At firts place install uwfancontrol package (you can use many tutorials on this website.
And then replace content of /ffp/var/opt/uwfancontrol/uwfancontrol.sh to:
# This is a DNS-320/325 or alike
# Kill the old fan controller
if [ -n "$PID" ]; then
/bin/kill -9 $PID
## Settings for the Temperatures
# Fan stops below TSTOP
# Fan is set to low below TLOW and higher than TSTOP
# NAS shutdown at that temperature
## Find out current temperature
T=`REQUEST_METHOD=GET QUERY_STRING="cmd=cgi_get_status" /var/www/cgi-bin/status_mgr.cgi 2>/dev/null | grep temperature | grep -o ":[0-9]\+" | grep -o "[0-9]\+"`
# Default fan speed is "high", something can go bad
if [ $T -lt $TLOW ]; then
if [ $T -lt $TSTOP ]; then
echo "`date` temp=$T fanspeed=$NEWVAL" >> /mnt/HD/HD_a2/fan.log
if [ $T -gt $TSHUTDOWN ]; then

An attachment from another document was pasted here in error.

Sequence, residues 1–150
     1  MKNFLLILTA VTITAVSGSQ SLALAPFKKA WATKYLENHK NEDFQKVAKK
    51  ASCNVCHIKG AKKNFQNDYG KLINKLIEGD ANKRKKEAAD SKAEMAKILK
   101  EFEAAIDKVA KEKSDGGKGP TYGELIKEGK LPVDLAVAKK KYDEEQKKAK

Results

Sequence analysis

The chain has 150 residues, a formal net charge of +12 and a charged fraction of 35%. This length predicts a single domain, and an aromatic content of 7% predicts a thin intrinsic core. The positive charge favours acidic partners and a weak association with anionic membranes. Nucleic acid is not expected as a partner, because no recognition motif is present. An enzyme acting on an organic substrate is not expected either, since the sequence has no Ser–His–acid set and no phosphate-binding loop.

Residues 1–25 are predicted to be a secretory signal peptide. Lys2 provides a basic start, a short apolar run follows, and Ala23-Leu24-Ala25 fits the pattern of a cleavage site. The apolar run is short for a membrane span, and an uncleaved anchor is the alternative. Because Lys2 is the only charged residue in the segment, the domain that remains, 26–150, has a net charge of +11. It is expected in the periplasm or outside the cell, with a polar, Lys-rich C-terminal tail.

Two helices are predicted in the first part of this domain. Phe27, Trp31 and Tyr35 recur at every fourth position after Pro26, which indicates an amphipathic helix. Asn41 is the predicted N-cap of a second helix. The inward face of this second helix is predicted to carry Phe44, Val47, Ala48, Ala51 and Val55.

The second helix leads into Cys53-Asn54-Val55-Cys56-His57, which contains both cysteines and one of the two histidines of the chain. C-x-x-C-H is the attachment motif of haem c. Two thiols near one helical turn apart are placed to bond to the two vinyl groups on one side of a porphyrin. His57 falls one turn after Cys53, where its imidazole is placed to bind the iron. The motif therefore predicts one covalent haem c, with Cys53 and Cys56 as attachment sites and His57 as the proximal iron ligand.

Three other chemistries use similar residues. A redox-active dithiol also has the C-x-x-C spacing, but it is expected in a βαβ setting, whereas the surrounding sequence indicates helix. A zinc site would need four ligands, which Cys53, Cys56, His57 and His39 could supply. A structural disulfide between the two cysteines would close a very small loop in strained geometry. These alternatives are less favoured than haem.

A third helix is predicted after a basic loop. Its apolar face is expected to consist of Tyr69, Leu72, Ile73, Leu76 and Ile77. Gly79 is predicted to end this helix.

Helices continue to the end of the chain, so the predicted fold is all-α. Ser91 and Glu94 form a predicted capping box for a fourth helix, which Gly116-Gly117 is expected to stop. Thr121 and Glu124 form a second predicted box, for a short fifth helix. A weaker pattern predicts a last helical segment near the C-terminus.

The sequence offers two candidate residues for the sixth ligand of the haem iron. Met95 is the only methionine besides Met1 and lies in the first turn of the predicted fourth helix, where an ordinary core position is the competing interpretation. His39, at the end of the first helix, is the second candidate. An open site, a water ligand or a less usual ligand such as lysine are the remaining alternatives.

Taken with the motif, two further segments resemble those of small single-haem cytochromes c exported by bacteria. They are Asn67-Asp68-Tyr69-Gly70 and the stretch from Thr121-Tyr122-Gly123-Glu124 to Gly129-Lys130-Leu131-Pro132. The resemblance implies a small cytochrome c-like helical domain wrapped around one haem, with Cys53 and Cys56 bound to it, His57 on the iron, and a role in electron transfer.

# NAS is overheated, initiate shutdown
# Set fan to new speed
/usr/sbin/fanspeed $NEWVAL &> /dev/null
I’m really RECOMENDING you to test script in console before use. It’s tested on my own DNS-320 (fw ver. 2.02) only.
FYI: script also create a log file in root of your filesystem
It Works fine, thx !
Hi, can you give me help to install uwfancontrol?
I did this steps:
funpkg -i /ffp/pkg/additional/ffp-misc/uwfancontrol*.tgz
//i have replace text in uwfancontrol.sh
cat uwfancontrol.txt > /ffp/var/opt/uwfancontrol/uwfancontrol.sh
but funcontrol is still running and I can’t see uwfancontrol
root@Closet:/mnt/HD/HD_a2/ffp/start# ps aux|grep fan
1593 root fan_control 0 c
4108 root grep fan
What I did wrong?
I did also this:
sh /ffp/start/uwfancontrol.sh start
any progress on this script working on DNS-320?
I’m still confused what script is O.K. for my DNS-320. Which script #1″uli:fanctl1-2-arm-1txz”
is able to work on my DNS-320 (and work better than the D-Link one? Any help is appreciated.
but whers gnuplot?
i use fun plug 0.7
fancontrol is ok
but tplot don’t have gnuplot
some times ago, Uli said to search in his repo … I haven’t fond any gnuplot package